Several of the book’s sub themes address topics educators and institutions are wrestling with, particularly those offering any form of online education. For instance engagement topic of chapter three—The Value of Media Engagement explores engagement from the perspective of market value, recently a topic of discussion among MOOC providers (Dodd, 2014). Building on the engagement theme, chapter four What Constitutes Meaningful Participation explores the changing relationship between producers and consumers, another parallel to education, as more students seek to be actively involved in a course’s content development—to co-create with instructors and other students. Both chapters offer insight into the issues in context of education, even though authors draw upon examples primarily from the business and entertainment sectors—the applicability is hard to miss.

Lurking
One discussion in chapter three addresses the behavior known as ‘lurking’, a topic of concern when it comes to MOOCs and online courses. Lurkers are students that typically don’t participate or contribute to asynchronous discussion forums, or engage in a real-time video conferencing sessions or other chat venues, yet are reading and/or watching—they are consuming content. Lurking is viewed negatively, or at least as a challenging behaviour by course instructors. More so in courses that require students to participate for course credit. Lurking in connectivist MOOCs (cMOOCs) also doesn’t go over well, particularly with other MOOC students (Milligan, Littlejohn & Margaryan, 2013). Jenkins, Ford & Green attempt to reframe lurking behaviour. They discuss barriers to online participation and suggest there might be opportunity to scaffold learning, or at scale least levels of participation (p. 158).

The authors portray “lurkers” (the bane of online communities where the vast majority of members who only consume others’ information without contributing any of their own) as only learning and biding their time until they too understand the rules and start to participate. In Chapter 5 they even describe what makes materials sharable. This will help me to completely rethink the development of content rather than just to focus on why community members are either engaged or not.”  T. Sales, Amazon Reviewer of “Spreadable Media”

Startling Parallel: Audience Fragmentation
Authors discuss engagement specific to television audiences, yet the similarity between television consumers and participants in education (particularly those engaging in open learning) is strong.  Beginning on page 116 the authors address the challenges the media industry is facing due to audiences consuming content across multiple channels e.g television, mobile devices, or DVRs. This behaviour, according to the authors, fragments the audience, an audience that traditionally consumed content via one channel—television. The audience has since splintered in response, and the result?— people consuming the same content on a variety channels creating smaller audiences. This fragmentation makes it difficult for providers to gauge the value of the different audience groups—to establish an appropriate pricing model.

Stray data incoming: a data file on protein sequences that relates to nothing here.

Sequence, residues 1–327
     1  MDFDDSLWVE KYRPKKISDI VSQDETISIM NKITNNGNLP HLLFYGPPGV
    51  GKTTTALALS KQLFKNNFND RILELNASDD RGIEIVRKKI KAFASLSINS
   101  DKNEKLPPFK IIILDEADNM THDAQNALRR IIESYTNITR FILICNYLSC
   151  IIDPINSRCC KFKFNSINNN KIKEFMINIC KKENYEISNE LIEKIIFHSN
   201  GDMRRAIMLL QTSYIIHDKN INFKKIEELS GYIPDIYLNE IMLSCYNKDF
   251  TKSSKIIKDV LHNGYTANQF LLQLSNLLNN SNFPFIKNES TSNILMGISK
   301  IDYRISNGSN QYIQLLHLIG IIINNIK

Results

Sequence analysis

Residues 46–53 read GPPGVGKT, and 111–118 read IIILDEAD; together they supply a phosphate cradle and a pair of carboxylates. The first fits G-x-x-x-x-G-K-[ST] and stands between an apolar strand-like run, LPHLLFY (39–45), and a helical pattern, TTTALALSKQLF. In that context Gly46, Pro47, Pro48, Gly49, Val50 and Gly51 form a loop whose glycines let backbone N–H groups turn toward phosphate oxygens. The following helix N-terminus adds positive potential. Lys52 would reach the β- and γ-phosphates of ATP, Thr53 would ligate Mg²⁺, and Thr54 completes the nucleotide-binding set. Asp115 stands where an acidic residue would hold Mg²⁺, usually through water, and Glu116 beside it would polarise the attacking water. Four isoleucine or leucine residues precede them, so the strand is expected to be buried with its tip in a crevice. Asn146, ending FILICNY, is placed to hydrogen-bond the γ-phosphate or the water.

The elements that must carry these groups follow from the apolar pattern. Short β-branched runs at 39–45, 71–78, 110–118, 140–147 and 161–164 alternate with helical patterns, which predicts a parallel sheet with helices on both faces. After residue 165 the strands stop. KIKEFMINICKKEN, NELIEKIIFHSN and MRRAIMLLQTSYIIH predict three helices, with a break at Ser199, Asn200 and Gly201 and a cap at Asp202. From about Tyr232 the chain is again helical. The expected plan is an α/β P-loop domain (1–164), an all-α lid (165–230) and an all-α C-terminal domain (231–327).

Note the similarities to the education sector. Education, at one time used two distribution channels for content, 1) the instructor in a physical location delivering content to student, and 2) the textbook. It’s no longer the case. Today education content has numerous distribution channels, for example open education resources (OER) via the web, MOOC providers, textbook companies, closed, fee-based education platforms, Khan Academy and the likes. These channels suggest a fragmentation of the education sector—similar to what’s happening the media industry. It’s not surprising that MOOC providers are finding it a challenge to settle on a viable business model.

Even among those who understand that developing business models around such engagement is key, there has been little consensus on how, or even which, measures of engagement are valuable or how to agree on a model… (p. 116).

Closing Thoughts 
“Spreadable Media” puts forth several relevant and thought-provoking concepts specific to our digital culture. The book on the surface seems more applicable to business decision makers, marketers and media scholars given the numerous references to marketing and entertainment examples, however, the parallels to education though subtle are striking making it a worthwhile and interesting read.

Resources

Need-to-Know-News: edX goes Corporate, Wired Magazine/USC Partner to Create Degree & More on Competency Education

This ‘Need-to-Know’ blog post series features noteworthy stories that speak of need-to-know developments within higher education and K-12 that have the potential to influence, challenge and/or transform traditional education as we know it.

1) edX Goes Corporate